Warning: If you cannot touch your toes, you should read this article. If you can touch your toes, you should still read this article.
Stretching isn’t something I often see happening before large, strapping men hit the weight floor. In truth, it is not something I see many gym patrons often doing at all. As a Certified Personal Trainer and Yoga Instructor, I cannot emphasize enough the importance of stretching and flexibility when performing any physical activity. Needless to say, this does not mean aimlessly hunching your back until your fingers graze the tops of your shoes; it means mindfully and properly performing dynamic or static stretches before your strength training routine or cardio session begins.
Give yourself five to ten minutes prior to your workout, find a little bit of space and actively stretch. You may be amazed at how it improves your athletic performance and lifting abilities. If you’re unsure how to start stretching or what type of stretching to do, here are a guidelines that may be helpful to you:
- Dynamic Stretching: What is it, and how do I do it? By definition, dynamic stretching is a series of “active movements of muscle that bring forth a stretch but are not held in the end position”. To simplify this, this is a type of moving stretch, i.e. deep walking lunges with spinal rotations or Frankensteins (kick opposite toe to opposite hand). Dynamic stretching should be completed before intense strength training routines and plyometrics to increase mobility, prep the body for explosive movements and lubricate the joints. As you move through your stretches it is important to maintain balance, engage your core, and pair your movements with consistent inhalations and exhalations.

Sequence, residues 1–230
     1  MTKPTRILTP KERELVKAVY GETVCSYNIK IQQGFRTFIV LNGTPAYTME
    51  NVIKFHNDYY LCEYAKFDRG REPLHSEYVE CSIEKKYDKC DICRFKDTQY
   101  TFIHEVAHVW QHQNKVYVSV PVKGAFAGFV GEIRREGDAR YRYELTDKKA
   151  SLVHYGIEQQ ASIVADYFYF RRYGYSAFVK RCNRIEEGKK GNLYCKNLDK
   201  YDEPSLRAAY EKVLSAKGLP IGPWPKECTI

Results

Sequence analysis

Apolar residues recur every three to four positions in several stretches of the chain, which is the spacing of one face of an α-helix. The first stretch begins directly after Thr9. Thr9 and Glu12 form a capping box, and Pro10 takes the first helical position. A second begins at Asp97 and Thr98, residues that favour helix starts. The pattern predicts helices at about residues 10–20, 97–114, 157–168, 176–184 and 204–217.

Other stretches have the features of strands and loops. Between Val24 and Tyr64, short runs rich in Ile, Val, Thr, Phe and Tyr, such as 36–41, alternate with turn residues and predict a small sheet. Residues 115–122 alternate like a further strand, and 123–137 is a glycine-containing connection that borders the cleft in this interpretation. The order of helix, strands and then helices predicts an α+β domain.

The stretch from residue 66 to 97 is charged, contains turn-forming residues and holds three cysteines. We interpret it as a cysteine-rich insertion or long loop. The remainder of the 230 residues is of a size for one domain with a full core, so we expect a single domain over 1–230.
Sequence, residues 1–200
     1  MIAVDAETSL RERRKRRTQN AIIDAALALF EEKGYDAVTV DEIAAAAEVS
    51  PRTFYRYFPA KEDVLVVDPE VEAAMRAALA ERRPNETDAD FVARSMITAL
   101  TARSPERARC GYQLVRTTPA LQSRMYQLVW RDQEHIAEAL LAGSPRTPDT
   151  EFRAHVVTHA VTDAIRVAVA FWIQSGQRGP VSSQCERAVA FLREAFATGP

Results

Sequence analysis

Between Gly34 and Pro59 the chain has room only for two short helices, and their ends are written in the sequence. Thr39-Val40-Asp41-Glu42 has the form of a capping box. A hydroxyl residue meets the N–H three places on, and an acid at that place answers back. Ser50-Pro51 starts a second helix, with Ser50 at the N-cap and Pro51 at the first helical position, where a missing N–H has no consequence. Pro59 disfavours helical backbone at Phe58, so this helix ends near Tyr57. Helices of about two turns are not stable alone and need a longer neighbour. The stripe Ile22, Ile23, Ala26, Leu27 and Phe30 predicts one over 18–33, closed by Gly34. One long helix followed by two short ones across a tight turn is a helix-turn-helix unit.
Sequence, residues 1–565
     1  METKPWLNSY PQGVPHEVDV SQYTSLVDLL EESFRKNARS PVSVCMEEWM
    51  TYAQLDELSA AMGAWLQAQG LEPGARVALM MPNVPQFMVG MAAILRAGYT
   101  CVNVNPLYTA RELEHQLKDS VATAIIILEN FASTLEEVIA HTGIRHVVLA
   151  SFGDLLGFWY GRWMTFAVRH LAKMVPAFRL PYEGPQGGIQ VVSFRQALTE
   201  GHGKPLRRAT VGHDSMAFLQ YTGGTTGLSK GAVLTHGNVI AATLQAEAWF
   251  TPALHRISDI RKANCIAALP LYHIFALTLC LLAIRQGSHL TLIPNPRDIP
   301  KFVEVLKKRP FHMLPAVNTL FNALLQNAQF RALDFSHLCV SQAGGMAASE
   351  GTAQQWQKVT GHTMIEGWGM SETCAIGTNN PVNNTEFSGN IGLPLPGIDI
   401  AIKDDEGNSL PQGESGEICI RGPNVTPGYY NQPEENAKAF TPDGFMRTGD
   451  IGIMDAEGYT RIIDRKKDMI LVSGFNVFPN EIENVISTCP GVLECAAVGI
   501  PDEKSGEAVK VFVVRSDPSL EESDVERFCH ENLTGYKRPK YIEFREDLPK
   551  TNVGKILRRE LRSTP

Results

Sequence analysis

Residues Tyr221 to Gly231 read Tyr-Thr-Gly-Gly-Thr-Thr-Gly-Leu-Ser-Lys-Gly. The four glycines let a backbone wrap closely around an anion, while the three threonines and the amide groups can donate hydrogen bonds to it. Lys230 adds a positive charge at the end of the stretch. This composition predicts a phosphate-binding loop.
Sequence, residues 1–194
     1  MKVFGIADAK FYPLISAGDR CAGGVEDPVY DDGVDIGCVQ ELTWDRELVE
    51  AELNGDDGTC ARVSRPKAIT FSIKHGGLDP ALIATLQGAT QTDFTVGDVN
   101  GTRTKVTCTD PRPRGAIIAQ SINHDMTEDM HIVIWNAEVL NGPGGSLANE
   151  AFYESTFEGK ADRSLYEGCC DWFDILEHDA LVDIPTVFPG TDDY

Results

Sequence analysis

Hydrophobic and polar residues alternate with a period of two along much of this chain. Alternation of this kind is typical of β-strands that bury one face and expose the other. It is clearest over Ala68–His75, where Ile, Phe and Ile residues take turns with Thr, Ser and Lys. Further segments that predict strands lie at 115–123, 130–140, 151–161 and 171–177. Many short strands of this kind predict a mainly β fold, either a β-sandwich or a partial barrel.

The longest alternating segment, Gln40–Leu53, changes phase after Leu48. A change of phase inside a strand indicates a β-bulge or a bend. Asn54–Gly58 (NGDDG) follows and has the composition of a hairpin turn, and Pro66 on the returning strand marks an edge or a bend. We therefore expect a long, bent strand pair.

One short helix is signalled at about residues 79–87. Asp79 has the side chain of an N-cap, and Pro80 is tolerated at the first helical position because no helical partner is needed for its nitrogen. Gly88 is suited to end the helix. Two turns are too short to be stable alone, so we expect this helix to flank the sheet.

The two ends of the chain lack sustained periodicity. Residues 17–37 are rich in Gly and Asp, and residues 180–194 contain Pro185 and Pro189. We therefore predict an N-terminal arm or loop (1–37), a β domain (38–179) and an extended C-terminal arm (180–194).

- Static Stretching is another form of stretching that you’ll see most people performing lackadaisically on their gyms’ sweaty mats shoved in the corner. Deep openers such as these are not meant for the lazy-hearted, but for the dedicated individuals who actually want to improve their flexibility. These stretches take more patience and can be relatively more intense; however, when performed consistently, they can greatly increase mobility, joint strength and overall wellness. In order to adequately improve flexibility, static stretching poses should be held for at least 75-90 seconds, several times per week. This type of stretching is recommended before and after cardio workouts and low-intensity, high-volume strength training.
Fitness enthusiast and Personal Training guru, Christine St. Laurent, exclaims, “Poor flexibility in one or more muscle groups can lead to muscular imbalances or poor posture. Tight muscles pull on joints and can slowly create a shift in your body’s alignment. People with muscular-skeletal imbalances appear to be more prone to injuries.”. Yikes! To put the time management of stretching in perspective, spending just five to ten minutes before every workout to stretch can literally save a lifetime of rehabilitation once an injury occurs.
If you are still unsure of where to start, I recommend taking a restorative yoga class once per week to learn basic floor (static) stretches. These classes will be gentle enough on the body, calming for the mind, and a perfect opportunity to assess your level of flexibility. For dynamic stretching, focus on moving and stretching the muscle groups you’ll be using during your workout. For example, a lunge with a twist as shown above, would be an ideal stretch to learn the fundamentals of dynamic, functional stretching.
NASM certified Personal Trainer and Alliance 200-HR certified Yoga Instructor. My deep love for fitness and health has motivated me to live a mindful, healthy lifestyle and teach others how to do the same. I am blessed to have the opportunity on a daily basis to connect with people through exercise and yoga; I find it extremely empowering and inspiring to witness someone transform their body and mind in such a positive way. To be health-aware and teach health-awareness leads each of us down an enriched path to self-discovery, strength and fearlessness.